Judge affirms "Making a Murderer" subject's confession was coerced

Judge affirms "Making a Murderer" subject's confession was coerced
Brendan Dassey
Source: Dan Powers/AP
Brendan Dassey
Source: Dan Powers/AP

A federal appeals panel in Chicago on Thursday upheld a previous ruling stating that Making a Murderer's Brendan Dassey's confession was coerced, the Associated Press reported.

In 2007, Dassey was convicted of first-degree intentional homicide, mutilation of a corpse and first-degree sexual assault, Mic reported. He was sentenced to life in prison.

In 2015, the case made headlines once again because of the Netflix documentary Making a Murderer, which chronicled Dassey's story along with his uncle Steven Avery, who was also convicted in the death of photographer Teresa Halbach.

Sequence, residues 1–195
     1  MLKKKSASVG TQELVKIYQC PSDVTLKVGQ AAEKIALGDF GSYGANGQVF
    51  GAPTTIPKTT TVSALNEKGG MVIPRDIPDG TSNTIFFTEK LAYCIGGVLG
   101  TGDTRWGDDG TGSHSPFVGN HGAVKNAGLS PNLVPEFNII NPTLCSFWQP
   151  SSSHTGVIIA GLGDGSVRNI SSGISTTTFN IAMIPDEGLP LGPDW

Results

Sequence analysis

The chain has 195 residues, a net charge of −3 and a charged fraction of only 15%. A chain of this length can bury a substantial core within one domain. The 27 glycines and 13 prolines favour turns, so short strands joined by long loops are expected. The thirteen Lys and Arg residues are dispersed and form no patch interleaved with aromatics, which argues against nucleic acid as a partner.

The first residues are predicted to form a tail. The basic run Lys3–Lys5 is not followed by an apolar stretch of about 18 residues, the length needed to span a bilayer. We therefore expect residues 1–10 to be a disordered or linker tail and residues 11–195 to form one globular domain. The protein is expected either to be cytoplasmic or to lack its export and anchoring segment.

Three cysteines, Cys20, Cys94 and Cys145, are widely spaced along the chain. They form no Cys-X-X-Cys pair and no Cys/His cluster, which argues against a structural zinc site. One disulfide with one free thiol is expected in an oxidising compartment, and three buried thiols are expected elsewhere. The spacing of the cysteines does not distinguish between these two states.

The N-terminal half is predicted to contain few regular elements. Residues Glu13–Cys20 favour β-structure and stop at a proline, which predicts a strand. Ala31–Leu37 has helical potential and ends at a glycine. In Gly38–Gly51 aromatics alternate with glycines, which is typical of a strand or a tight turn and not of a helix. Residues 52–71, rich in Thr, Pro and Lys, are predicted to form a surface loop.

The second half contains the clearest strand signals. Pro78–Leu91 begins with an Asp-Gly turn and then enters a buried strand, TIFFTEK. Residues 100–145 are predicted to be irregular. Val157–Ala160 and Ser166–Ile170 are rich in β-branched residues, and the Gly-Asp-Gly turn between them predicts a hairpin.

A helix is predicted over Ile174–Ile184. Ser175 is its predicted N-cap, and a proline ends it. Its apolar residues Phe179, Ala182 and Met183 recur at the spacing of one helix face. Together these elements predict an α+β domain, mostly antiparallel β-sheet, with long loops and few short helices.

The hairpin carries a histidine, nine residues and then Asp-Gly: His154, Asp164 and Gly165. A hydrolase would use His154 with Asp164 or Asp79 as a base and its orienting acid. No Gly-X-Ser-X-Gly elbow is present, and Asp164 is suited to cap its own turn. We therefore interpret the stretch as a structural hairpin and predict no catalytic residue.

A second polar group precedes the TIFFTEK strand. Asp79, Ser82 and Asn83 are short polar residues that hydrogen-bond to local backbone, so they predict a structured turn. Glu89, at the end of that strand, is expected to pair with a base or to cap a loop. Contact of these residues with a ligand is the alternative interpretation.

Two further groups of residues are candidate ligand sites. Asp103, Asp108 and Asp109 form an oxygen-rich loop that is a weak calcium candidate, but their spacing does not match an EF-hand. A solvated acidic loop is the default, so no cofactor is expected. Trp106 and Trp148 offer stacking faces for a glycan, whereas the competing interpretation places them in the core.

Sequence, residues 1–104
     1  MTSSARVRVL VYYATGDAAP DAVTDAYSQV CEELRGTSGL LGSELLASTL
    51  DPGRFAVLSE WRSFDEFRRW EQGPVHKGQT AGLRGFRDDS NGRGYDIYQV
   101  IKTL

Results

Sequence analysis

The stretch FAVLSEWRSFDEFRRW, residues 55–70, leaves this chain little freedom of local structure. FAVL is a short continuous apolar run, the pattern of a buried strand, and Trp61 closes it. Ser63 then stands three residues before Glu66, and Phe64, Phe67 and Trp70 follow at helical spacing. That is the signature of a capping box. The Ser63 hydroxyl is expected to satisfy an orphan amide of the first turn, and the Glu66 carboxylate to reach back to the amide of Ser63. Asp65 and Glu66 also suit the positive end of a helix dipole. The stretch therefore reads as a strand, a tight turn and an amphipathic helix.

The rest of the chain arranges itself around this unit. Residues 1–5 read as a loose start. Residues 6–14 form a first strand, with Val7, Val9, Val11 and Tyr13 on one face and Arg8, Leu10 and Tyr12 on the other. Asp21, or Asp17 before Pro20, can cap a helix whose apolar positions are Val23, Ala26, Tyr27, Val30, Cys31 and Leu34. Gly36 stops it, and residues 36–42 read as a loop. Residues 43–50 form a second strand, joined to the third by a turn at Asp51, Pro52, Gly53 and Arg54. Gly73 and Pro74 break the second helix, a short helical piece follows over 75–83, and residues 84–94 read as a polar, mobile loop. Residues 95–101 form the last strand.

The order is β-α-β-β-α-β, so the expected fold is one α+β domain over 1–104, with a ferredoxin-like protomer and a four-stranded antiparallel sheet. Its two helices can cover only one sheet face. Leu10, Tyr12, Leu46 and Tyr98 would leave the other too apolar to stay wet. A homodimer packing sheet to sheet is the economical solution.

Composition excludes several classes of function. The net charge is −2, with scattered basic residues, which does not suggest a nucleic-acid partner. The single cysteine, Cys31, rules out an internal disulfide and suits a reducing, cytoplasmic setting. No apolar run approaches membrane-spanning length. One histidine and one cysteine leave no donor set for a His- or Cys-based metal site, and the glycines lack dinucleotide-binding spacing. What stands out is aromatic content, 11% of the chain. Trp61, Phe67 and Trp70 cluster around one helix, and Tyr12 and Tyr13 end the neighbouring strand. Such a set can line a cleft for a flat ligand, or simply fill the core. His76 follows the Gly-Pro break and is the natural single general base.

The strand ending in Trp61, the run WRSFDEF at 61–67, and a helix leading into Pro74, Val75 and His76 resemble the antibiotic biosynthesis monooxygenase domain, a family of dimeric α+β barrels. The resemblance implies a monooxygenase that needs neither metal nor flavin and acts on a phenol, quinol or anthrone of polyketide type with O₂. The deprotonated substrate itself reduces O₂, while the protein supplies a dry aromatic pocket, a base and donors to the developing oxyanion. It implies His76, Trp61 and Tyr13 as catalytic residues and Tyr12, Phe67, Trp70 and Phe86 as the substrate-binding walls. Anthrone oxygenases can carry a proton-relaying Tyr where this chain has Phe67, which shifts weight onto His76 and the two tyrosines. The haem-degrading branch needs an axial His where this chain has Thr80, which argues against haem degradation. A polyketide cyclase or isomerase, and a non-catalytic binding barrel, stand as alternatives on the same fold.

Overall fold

Dassey's confession has been the subject of great controversy. As WBAY reported, Judge William Duffin first ruled in August that the confession was improperly obtained due to his age. Moreover, WBAY reported, Dassey has known intellectual deficits and submitted to questioning at the age of 16 without an adult present.

The decision to uphold the lower court ruling could finally help free Dassey after spending more than a decade in prison.

"A few factors and passages from Dassey's confession support the majority's view that the confession was not voluntary," the court’s conclusion read. "Many other factors and passages support the state courts' view that overall, the confession was voluntary."

Wisconsin now has 90 days to retry Dassey, according to the Associated Press. Additionally, both Avery and Dassey maintain their innocence and claim they were framed by local police.